Researchers use microscopy images in many ways to keep track of moving cells or microscopic organisms. Now researchers have developed an algorithm that makes this task much easier. The algorithm optimises the analysis of images of a frequently studied worm.
For centuries, scientists have sat hunched over their microscopes studying many tiny phenomena, from cells to the movement of minuscule organisms.
However, researchers have always faced the obstacle of how to keep track of the objects that whizz across their field of vision, making it hard to quantify or generally monitor what is what. These objects include sperm cells and nematodes – small worms used in thousands of studies of various diseases.
In recent decades, image analysis has helped researchers to analyse the number of cells or animals in their samples and how they move, but the researchers are often challenged because the computer algorithms have required low density to analyse the images and keep track of both number and movement.
However, this challenge may soon be overcome, since researchers have developed a new algorithm that quantifies cells and detects cell movement in even very dense samples.
“Our approach enables us much more easily to investigate the effectiveness of drug candidates in experiments with nematodes or how much sperm cells move in dense samples. The algorithm leverages the potential of computer vision and is a proof of concept for performing accurate image analysis on samples with a much higher density of cells than is possible today,” explains a researcher involved in the study, Julius Kirkegaard, Assistant Professor, Biocomplexity, Niels Bohr Institute, University of Copenhagen.
The research has been published in Communications Biology.
Image analysis is essential in research
Researchers in neurology often expose the Caenorhabditis elegans nematode to various chemicals to determine how this affects their neurons. Many drug candidates for diseases of the nervous system are also initially studied in experiments with nematodes.
However, when researchers study the effect of this exposure, they often have to reduce the density of their samples of nematodes so that they do not overlap under the microscope – otherwise, the computer-based detection models that analyse their movements cannot keep track.
The smart thing about using algorithms to analyse images and videos of nematodes in general is that the researchers can obtain very accurate numbers for analysis and statistics.
The algorithm Julius Kirkegaard has developed in collaboration with Albert Alonso enables experiments to be analysed even at high density and thus enables very large data sets to be rapidly created.
“Our algorithm for analysing images and videos of nematodes enables us to identify very precisely how much they move in an image and how each individual organism acts. Current methods are either limited to very low density or ignore problems related to overlap between organisms,” says Julius Kirkegaard.
Two innovations make the model superior
The algorithm the researchers developed combines classical biophysics and modern machine learning and broadly contains two innovations that previous algorithms did not have.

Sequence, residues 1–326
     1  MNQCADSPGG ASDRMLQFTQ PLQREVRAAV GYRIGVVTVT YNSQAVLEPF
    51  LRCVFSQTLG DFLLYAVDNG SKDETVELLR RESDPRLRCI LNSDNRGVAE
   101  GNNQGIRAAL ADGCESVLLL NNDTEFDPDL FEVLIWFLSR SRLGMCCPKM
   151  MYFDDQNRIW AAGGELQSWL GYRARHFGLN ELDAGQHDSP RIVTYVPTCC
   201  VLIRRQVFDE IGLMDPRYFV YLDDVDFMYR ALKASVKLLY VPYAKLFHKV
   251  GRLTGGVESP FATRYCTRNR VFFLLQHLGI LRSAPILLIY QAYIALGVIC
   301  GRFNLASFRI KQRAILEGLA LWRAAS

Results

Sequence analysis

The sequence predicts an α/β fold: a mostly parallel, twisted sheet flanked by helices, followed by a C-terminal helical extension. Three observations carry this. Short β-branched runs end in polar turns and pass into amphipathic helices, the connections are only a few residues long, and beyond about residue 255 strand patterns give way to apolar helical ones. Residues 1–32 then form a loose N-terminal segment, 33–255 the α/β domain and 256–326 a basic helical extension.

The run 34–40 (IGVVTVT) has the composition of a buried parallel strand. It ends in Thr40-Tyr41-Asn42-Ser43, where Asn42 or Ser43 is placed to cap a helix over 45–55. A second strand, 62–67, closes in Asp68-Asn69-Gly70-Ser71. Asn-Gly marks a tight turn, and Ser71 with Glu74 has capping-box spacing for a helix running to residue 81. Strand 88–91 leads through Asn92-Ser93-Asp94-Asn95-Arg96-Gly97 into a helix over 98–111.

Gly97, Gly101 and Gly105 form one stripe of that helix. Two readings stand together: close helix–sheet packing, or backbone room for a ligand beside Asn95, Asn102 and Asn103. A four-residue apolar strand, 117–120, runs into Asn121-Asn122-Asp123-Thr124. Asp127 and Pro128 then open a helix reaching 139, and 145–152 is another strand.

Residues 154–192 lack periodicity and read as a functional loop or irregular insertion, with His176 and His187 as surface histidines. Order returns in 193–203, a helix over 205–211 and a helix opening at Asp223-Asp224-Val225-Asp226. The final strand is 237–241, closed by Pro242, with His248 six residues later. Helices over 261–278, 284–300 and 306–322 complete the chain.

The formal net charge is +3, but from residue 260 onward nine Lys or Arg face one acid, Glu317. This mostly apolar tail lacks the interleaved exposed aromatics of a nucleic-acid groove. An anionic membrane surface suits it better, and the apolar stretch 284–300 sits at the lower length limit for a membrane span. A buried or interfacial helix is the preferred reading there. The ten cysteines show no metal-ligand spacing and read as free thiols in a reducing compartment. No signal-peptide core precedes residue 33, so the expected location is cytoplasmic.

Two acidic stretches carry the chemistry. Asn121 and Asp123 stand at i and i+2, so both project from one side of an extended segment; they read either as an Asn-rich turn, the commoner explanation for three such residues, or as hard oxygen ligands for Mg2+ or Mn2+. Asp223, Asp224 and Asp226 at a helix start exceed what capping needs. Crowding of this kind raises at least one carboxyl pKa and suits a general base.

First, the algorithm enables a formula to be inserted for how the observed bodies move.
For example, researchers have already established clear mathematical formulas for how a nematode moves, and these can be entered into the algorithm. This minimises the need for large data sets, since the algorithm does not have to learn these movement patterns from the data but is programmed instead to understand the task based on the principles of physics.
The second innovation involves managing how the observed bodies overlap each other.
Most classical and deep learning–based algorithms work by naming the pixels in the image and assigning the pixels to the individual organisms.
However, this becomes a problem when two organisms overlap and one pixel thereby actually relates to two or more organisms.
The researchers solved this problem in the new algorithm by enabling the algorithm to encode a virtual fingerprint for each organism based on its movement patterns. This enables the algorithm to monitor each organism, even when they overlap in the image.
Making impossible research possible
Julius Kirkegaard says that the new algorithm can keep track of overlapping organisms much better than has been possible so far.
However, the algorithm has limitations that prevent it from being immediately used by everyone who works with moving bodies under a microscope.
The biggest problem is that the algorithm requires a mathematical formula for the movement of the bodies under the microscope.
“So far, the algorithm is therefore a specialist, not a generalist. Right now it is state of the art for researchers studying nematodes, and they can replace the formula for the movement of nematodes with a formula for the movement of the bodies they are studying, but this requires that these formulas be known and applicable . A few innovations are still required before the algorithm becomes equally usable for everyone,” explains Julius Kirkegaard.
Nevertheless, the researchers also showed that the algorithm enables them to analyse videos of nematodes at a much higher density than was possible before.
“We have gotten people who work with nematodes to perform experiments at a much higher density than they usually do, and this demonstrates that this previously impossible analysis is now possible,” concludes Julius Kirkegaard.